Katie Dell Kaufman
Katie Dell Kaufman is a native of Washington DC. An award winning assemblage and collage artist, Kaufman creates two and three dimensional work out of wood, paper, found materials and wax. A member of the Drawing and Painting Department faculty at the Corcoran College of Art and Design for 21 years, she now maintains a studio at the Gateway CDC Art Center in the Gateway Arts District in Brentwood, MD. Kaufman has been represented by the Fraser Gallery in Washington, DC, and Bethesda, MD, (1999 – 2005) and the Arteco Gallery in Cumberland, MD (2007 – 2009).
Kaufman’s recent exhibitions include Wax in Motion at the Bowersock Gallery in Provincetown, MA, and the Spirit of Wood, at the Zenith Gallery’s 1111 Pennsylvania Ave Sculpture Space, in Washington DC and Focus on Drawing, at the Corcoran Gallery of Art, in Washington, DC. Her recent exhibitions as a featured artist include exhibits at the Black Rock Center for the Arts in Germantown, MD and Glenview Mansion Art Gallery in Rockville, MD.
Kaufman was honored with a 2010-2011 Montgomery County Arts and Humanities Individual Artist Award for her encaustic/mixed media assemblage. In 2008 Kaufman was commissioned to create work for an international, interdisciplinary, traveling exhibition, Surviving History: Portraits from Vilna from Living Imprint in London, UK. Her 5 biographical assemblages incorporate biographical objects provided by Lithuanian Holocaust survivors. Exhibited in Lithuania, England, and South Africa, her work is now part of the permanent collection of Living Imprint, London, UK.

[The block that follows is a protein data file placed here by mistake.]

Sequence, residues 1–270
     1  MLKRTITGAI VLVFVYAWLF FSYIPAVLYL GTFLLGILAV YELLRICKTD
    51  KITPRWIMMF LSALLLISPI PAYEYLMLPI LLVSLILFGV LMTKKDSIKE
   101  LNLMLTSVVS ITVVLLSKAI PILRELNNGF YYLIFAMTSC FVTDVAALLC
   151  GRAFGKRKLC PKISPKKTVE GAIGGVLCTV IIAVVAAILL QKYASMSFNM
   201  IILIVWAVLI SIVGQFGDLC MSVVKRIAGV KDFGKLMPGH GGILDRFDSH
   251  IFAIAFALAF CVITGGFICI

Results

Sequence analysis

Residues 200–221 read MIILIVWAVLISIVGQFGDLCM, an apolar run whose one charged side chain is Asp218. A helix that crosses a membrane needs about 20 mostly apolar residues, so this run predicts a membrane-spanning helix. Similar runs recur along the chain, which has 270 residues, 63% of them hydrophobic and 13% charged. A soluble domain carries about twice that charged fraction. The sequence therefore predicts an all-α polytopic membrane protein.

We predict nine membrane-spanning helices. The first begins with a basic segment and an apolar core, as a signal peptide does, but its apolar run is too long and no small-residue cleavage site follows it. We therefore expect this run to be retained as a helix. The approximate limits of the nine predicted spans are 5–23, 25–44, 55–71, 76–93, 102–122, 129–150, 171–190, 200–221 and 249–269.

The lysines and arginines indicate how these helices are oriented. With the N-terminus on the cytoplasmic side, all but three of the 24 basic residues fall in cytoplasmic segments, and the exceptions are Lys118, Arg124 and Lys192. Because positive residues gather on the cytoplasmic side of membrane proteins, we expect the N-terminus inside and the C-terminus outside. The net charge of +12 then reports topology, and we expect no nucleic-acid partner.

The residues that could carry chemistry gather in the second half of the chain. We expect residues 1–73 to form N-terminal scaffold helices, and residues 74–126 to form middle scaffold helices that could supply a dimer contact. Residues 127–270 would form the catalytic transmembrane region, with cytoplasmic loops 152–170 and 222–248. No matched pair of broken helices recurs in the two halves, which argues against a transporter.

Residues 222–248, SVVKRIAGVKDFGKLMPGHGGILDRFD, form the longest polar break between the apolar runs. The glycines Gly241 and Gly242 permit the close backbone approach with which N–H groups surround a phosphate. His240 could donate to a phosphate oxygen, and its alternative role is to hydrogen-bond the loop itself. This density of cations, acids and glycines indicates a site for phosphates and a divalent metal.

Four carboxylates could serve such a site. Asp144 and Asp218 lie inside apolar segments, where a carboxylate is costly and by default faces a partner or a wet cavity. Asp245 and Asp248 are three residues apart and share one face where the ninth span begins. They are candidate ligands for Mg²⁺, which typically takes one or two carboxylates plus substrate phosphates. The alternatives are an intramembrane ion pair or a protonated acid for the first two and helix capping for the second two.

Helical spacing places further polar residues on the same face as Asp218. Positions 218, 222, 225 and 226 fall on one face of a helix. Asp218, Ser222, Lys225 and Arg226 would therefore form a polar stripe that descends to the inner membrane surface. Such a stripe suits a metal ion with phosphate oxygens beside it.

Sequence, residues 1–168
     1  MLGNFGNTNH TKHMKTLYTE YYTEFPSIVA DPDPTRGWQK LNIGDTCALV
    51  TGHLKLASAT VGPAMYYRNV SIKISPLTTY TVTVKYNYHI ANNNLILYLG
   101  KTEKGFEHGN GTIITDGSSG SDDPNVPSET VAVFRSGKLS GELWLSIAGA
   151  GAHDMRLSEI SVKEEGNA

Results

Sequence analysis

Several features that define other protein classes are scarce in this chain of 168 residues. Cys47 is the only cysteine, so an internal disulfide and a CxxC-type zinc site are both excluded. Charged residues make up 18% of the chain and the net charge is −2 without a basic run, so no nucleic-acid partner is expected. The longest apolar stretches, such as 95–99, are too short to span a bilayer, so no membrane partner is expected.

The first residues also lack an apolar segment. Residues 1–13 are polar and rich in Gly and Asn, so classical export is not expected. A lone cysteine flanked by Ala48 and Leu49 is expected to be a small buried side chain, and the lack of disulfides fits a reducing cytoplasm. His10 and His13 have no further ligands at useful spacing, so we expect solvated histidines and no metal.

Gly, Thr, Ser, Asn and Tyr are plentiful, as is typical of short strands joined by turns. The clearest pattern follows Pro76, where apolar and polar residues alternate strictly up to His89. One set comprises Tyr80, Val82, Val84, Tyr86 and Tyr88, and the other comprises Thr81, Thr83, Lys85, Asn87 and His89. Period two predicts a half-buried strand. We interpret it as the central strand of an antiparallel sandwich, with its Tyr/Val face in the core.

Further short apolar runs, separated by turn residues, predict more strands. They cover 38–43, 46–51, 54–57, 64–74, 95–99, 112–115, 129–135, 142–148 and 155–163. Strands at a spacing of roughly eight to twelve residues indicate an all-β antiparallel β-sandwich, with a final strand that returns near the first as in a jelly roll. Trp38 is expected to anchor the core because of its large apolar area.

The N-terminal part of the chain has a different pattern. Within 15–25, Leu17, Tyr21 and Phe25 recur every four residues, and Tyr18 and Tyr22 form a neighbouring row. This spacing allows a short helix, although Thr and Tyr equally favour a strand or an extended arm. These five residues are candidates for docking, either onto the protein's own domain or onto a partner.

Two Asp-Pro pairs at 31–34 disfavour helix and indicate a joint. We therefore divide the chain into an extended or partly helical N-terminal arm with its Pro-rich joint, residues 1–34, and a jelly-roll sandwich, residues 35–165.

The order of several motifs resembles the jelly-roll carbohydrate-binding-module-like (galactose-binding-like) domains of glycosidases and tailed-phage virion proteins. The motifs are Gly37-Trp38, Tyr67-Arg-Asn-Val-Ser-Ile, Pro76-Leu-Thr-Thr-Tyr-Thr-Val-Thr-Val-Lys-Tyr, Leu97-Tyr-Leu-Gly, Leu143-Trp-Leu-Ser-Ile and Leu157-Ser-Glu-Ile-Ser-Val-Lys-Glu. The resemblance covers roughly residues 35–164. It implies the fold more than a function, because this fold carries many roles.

Kaufman received an MA in Art Education from UMD, College Park, MD and a BA in Sculpture from Bard College in Annandale-on-Hudson, NY. She lives with her family in Takoma Park, MD.
I use common objects to create my work. I choose items that are touched, handled, and used all over the globe. I join the intimate experience of tools and household items, with larger questions of our place in the world, and the human condition. My process involves wax, which evolves and changes as it shifts between solid to liquid. Ideal as a “connective” medium, wax binds disparate elements into a meaningful whole while invoking a sense of shifting perspective.
The found objects I use in my work bring tactile evidence of their own history, and function. Presented with rustic simplicity, the work brings into focus the fragile beauty of overlooked objects in daily life. Within these inconspicuous details are found rich layers of rhythmic pattern, light, reflection, and meaning.
Wax is responsive to its environment, at times, hard and at other times malleable and vulnerable. I see its potential for altered states, and lasting state of impermanence, as a unique part of the encaustic aesthetic. In my work, encaustic functions as both adhesive and surface texture, suggestive of connective tissue and skin. Its varied surfaces mirror natural processes that evolve and transform over time, and reflect growth and spontaneous possibilities for change.
3914 Rhode Island Ave
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|Entry Added By||Katie Dell Kaufman | Entry #643|